Mac is also commanded to report on what he sees in the sky because Happer is a passionate amateur astronomer. So, it’s off to Caledonia where he meets his gawky local contact Danny Olden (Peter Capaldi). Danny is instantly smitten with Marina (Jenny Seagrove), an oceanographer who believes her geologist bosses actually want to build a marine biology center in Ferness. When she exits–and she will resurface–Mac and Danny are off to the village via moors, one-track roads, Biblical rain, and fog.

They finally check into a B & B run by Gordon Urquahart (Denis Lawson), who is also the local accountant, bar owner, and unbeknownst to the visitors, pre-selected by Ferness residents to wring as much money as he can from the Yanks. Mac is all-business and wound tighter than a bodhran, but he can’t help but be attracted to Gordon’s wife Stella (Jennifer Black). Think of every joke you know of yokels getting over on city slickers and kilted variants appear in the film. Mac is oblivious to the fact that villagers have dollar signs dancing in their heads and discuss what they intend to do with their instant wealth the moment Mac and Danny are out of earshot.

Plot lines emerge involving everything from a rabbit, a baby no one wishes to discuss, a fishing boat whose name changes daily, misadventures with the village phone booth, a madcap motor bike fanatic (John Gordon Sinclair, the future star of Forsyth’s Gregory’s Girl), an African-born minister with the unlikely name of Murdo McPherson (Christopher Asante), a joie de vivre Russian fisherman, city guys on rocky beaches, a twist on mermaid legends, and a celidh whose musical selections vary (to put it mildly). The film’s humor—even that of the sexual variety—is gentle and droll. Some of it, such as Happer’s abusive therapist (Norman Chancer), is a thudding dud, but it helps to remember the film’s fairy tale qualities are unmoored from quotidian logic.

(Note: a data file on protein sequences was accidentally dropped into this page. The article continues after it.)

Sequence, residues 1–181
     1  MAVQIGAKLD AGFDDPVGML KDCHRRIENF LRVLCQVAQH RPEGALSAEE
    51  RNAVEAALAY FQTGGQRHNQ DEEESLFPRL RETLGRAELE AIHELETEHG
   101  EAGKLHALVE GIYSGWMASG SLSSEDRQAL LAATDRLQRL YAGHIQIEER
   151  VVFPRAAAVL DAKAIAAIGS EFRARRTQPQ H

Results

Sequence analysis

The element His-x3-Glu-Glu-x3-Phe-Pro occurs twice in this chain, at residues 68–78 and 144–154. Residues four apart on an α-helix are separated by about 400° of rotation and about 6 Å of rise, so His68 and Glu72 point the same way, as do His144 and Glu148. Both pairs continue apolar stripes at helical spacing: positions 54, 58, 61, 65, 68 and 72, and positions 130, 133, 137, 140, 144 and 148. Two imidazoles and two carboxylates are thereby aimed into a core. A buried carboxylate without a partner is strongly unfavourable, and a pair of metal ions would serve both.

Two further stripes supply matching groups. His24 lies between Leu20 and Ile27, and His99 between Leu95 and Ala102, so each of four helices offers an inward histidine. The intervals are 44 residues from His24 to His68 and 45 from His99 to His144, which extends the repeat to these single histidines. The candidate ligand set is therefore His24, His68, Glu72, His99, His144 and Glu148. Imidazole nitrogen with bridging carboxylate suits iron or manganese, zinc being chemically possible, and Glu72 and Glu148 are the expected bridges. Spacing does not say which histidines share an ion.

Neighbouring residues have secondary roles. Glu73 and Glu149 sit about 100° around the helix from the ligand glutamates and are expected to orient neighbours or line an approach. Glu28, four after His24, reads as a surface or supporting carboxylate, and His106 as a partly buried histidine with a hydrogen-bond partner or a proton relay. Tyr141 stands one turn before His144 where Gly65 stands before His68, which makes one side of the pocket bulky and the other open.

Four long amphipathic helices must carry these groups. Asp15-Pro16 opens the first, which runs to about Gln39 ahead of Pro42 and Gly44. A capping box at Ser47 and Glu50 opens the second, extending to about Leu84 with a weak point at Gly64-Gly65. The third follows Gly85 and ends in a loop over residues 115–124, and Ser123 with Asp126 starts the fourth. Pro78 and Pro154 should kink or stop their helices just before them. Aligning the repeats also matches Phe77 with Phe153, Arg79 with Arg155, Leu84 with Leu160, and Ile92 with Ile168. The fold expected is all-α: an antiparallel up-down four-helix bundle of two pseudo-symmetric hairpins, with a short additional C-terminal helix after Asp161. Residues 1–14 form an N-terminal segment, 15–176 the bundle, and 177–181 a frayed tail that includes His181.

As you might expect, there is a midge in the cockaleekie soup. Everyone is anxious to sell except one hermit living in contented squalor on Ferness beach: Ben Knox (Fulton MacKay). Note the surname! Mac’s reports on seeing the aurora borealis and stalled negotiations are enough to send Happer to Ferness and Mac back to Houston.

From today’s perspective, several things stick out. The first is a difficult nut to crack, the question of preservation versus modernization. Should a place like Ferness be left alone like tartan encased in amber, or would locals benefit from joining the “real” world? Ferness–real-life Pennan–exudes stark beauty, but it’s also remote and jobs are scarce. On the other hand, refineries (and Mac’s Porsche) do enormous ecological damage. Forsyth cleverly and subtly riffs off Brigadoon rather than moralize, but from the perspective of 2022 it’s hard not to infer that Big Oil needs to become as archaic as Brigadoon.

A funny snippet occurs early on that suggests not even hurricanes wish to be in Houston. Forsyth used Mac, whose stay in Scotland unbuttons him, to consider desire. In short, what do we really want, things themselves or things that feed our souls? Watch and consider who is the happiest person in Local Hero. I thought about Michael as I viewed it, a sad moment but also one that made me ponder and smile.

Rob Weir